Der CIA Mord, an Erzbischof Oscar Romero rund um die Iran Contra Affäre
„Learn from History“, 31st Anniversary of the Assassination of Archbishop Oscar Romero
By Kate Doyle and Emily Willard
Global Research, March 24, 2011
National Security Archive – 2011-03-23
Washington, D.C., March 23, 2011 – Thirty one years ago tomorrow, El Salvador’s Archbishop Oscar Arnulfo Romero was shot and killed by right-wing assassins seeking to silence his message of solidarity with the country’s poor and oppressed. The assassination shocked Salvadorans already reeling in early 1980 from attacks by security forces and government-backed death squads on a growing opposition movement. Romero’s murder further polarized the country and set the stage for the civil war that would rage for the next twelve years. In commemoration of the anniversary, the National Security Archive is posting a selection from our digital archive of 12 declassified U.S. documents that describe the months before his death, his assassination and funeral, as well as later revelations about those involved in his murder.
The documents are being posted as President Barak Obama leaves El Salvador, his final stop on a five-day trip to Latin America. Obama spent part of his time in the country with a visit to Monsignor Romero’s tomb last night. Although the United States funneled billions of dollars to the tiny country in support of the brutal army and security forces during a counterinsurgency war that left 75,000 civilians dead, the president made no reference to the U.S. role, seeking in his speeches instead to focus on immigration and security concerns. The day before his visit to Romero’s gravesite, Obama had told an audience in Chile that it was important that the United States and Latin America “learn from history, that we understand history, but that we not be trapped by history, because many challenges lie ahead.”
Just weeks before his murder, Archbishop Romero published an open letter to President Jimmy Carter in the Salvadoran press, asking the United States not to intervene in El Salvador’s fate by arming brutal security forces against a popular opposition movement. Romero warned that U.S. support would only “sharpen the injustice and repression against the organizations of the people which repeatedly have been struggling to gain respect for their fundamental human rights.” Despite his plea, President Carter moved to approve $5 million in military aid less than one year after the archbishop’s murder, as Carter was leaving office in January 1981.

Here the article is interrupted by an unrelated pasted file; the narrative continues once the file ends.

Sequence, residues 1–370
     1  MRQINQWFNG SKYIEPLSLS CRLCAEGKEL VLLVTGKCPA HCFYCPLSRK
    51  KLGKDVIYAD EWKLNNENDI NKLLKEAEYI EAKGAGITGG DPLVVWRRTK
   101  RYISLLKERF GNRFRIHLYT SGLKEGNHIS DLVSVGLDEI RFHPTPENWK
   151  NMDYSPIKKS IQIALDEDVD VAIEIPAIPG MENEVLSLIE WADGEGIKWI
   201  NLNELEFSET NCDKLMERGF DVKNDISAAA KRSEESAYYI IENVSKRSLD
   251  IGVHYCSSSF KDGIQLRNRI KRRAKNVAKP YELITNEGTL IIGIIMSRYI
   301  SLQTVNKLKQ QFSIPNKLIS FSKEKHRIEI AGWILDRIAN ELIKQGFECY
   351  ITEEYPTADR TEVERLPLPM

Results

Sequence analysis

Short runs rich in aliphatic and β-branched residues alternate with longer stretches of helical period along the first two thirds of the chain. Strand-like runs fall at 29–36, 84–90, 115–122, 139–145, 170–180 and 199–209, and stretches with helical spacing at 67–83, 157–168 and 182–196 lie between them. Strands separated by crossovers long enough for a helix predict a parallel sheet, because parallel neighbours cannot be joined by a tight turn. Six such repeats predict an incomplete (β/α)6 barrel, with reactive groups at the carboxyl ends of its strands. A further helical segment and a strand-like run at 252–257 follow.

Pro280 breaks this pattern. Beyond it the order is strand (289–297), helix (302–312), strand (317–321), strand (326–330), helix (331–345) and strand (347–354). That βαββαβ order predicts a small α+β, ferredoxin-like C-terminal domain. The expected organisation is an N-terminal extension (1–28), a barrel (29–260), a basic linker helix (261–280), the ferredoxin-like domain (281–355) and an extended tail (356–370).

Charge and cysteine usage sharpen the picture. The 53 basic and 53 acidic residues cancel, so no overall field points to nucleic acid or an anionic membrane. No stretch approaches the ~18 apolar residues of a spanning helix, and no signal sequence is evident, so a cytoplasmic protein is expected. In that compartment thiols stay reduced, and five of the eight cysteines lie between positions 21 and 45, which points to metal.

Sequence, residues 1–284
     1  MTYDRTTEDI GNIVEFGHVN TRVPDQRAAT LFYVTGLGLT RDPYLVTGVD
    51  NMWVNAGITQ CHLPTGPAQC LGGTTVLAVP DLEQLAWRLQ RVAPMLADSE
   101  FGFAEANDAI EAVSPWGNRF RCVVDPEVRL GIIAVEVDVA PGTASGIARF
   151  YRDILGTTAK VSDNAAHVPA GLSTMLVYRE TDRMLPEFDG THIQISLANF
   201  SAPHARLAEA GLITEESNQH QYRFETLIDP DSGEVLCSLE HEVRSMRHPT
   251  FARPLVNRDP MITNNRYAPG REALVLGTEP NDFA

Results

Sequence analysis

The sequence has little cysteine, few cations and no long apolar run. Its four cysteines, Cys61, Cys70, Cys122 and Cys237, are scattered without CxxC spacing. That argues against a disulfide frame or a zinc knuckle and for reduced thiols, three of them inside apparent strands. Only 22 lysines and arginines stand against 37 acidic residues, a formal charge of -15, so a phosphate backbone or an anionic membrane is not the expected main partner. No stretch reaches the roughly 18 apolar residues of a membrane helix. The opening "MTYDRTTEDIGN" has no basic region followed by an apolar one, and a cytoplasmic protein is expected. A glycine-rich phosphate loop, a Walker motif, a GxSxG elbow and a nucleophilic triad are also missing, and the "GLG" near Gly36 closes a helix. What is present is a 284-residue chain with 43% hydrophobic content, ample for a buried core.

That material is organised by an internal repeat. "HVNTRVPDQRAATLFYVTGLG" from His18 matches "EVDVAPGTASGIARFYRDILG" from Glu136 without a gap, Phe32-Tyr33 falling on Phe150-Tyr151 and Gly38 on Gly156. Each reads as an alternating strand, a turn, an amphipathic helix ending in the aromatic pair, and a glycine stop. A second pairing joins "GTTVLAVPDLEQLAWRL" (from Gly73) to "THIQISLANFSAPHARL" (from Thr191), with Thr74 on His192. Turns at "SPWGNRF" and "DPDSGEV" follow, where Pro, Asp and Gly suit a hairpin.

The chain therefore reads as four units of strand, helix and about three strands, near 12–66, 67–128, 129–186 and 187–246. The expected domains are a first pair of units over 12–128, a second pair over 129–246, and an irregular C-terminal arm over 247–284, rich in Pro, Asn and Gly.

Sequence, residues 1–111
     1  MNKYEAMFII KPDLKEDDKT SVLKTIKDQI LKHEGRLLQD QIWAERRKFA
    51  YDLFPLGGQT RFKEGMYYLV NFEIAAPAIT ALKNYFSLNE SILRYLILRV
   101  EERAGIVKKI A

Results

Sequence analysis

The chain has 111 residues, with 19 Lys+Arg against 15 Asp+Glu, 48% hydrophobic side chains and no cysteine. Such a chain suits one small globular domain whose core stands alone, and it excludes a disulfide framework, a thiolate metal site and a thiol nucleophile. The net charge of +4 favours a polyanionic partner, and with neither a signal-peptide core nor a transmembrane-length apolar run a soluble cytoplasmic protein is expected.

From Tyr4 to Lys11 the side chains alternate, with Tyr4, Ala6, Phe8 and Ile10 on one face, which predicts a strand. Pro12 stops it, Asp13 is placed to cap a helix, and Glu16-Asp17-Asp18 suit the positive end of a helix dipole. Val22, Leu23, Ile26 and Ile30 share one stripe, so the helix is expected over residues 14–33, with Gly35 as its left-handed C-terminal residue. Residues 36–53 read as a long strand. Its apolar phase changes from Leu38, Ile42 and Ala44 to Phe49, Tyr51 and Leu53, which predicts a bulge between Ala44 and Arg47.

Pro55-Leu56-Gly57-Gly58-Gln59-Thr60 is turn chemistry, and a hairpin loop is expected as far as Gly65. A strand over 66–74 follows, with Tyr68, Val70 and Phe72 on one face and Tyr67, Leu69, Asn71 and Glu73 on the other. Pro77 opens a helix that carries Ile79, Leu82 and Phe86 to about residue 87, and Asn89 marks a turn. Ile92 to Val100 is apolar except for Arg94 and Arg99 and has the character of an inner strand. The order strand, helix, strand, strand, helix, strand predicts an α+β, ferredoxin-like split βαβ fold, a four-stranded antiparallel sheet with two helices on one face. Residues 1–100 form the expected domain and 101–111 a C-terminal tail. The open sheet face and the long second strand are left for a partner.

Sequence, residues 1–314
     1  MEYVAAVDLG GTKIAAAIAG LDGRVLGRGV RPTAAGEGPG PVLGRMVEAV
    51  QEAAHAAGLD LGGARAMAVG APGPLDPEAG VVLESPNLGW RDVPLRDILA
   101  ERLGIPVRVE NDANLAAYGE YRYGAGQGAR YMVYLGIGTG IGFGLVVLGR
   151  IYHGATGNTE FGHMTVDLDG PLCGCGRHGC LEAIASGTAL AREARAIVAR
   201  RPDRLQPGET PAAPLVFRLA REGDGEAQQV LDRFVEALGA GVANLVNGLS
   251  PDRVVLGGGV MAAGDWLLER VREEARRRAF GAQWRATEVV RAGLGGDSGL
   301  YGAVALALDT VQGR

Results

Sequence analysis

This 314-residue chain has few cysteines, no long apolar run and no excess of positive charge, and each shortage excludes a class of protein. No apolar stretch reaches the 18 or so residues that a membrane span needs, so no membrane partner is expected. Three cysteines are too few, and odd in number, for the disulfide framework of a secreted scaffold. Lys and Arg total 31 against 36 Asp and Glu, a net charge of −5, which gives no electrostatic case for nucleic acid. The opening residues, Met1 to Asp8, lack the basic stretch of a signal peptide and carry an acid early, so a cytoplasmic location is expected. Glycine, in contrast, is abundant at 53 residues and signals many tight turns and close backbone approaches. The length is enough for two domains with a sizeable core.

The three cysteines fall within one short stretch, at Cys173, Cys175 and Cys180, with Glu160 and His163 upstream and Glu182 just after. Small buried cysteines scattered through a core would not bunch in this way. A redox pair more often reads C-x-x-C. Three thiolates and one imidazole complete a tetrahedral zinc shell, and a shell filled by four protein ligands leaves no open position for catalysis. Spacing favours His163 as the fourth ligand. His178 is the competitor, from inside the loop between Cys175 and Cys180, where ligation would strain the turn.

Included in the posting are documents reporting on a secret, behind-the-scene effort by the United States to enlist the Vatican in pressuring Romero over his perceived support for the Salvadoran left; an account of the archbishop’s powerful March 23, 1980, homily, given the day before his assassination; a description of the murder by the U.S. defense attaché in El Salvador; and an extraordinary embassy cable describing a meeting organized by rightist leader Roberto D’Aubuisson in which participants draw lots to determine who would be the triggerman to kill Romero.
Although the declassified documents do not reveal the extent of the plot to kill Romero or the names of those who murdered him, details in them support the findings of the 1993 report by the U.N.-mandated Truth Commission for El Salvador. Released shortly after the signing of the peace accords that ended the war in El Salvador, the report identified D’Aubuisson, Captains Alvaro Rafael Saravia and Eduardo Avila, and Fernando (“El Negro”) Sagrera as among those responsible for the assassination. On March 25 of last year, Carlos Dada of El Salvador’s on-line news site El Faro published an extraordinary interview with Alvaro Saravia, one of the masterminds of Romero’s killing. In the interview, Saravia revealed chilling details of the plot to murder Romero; see a transcript of the interview, “How We Killed the Archbishop”, here and here en español.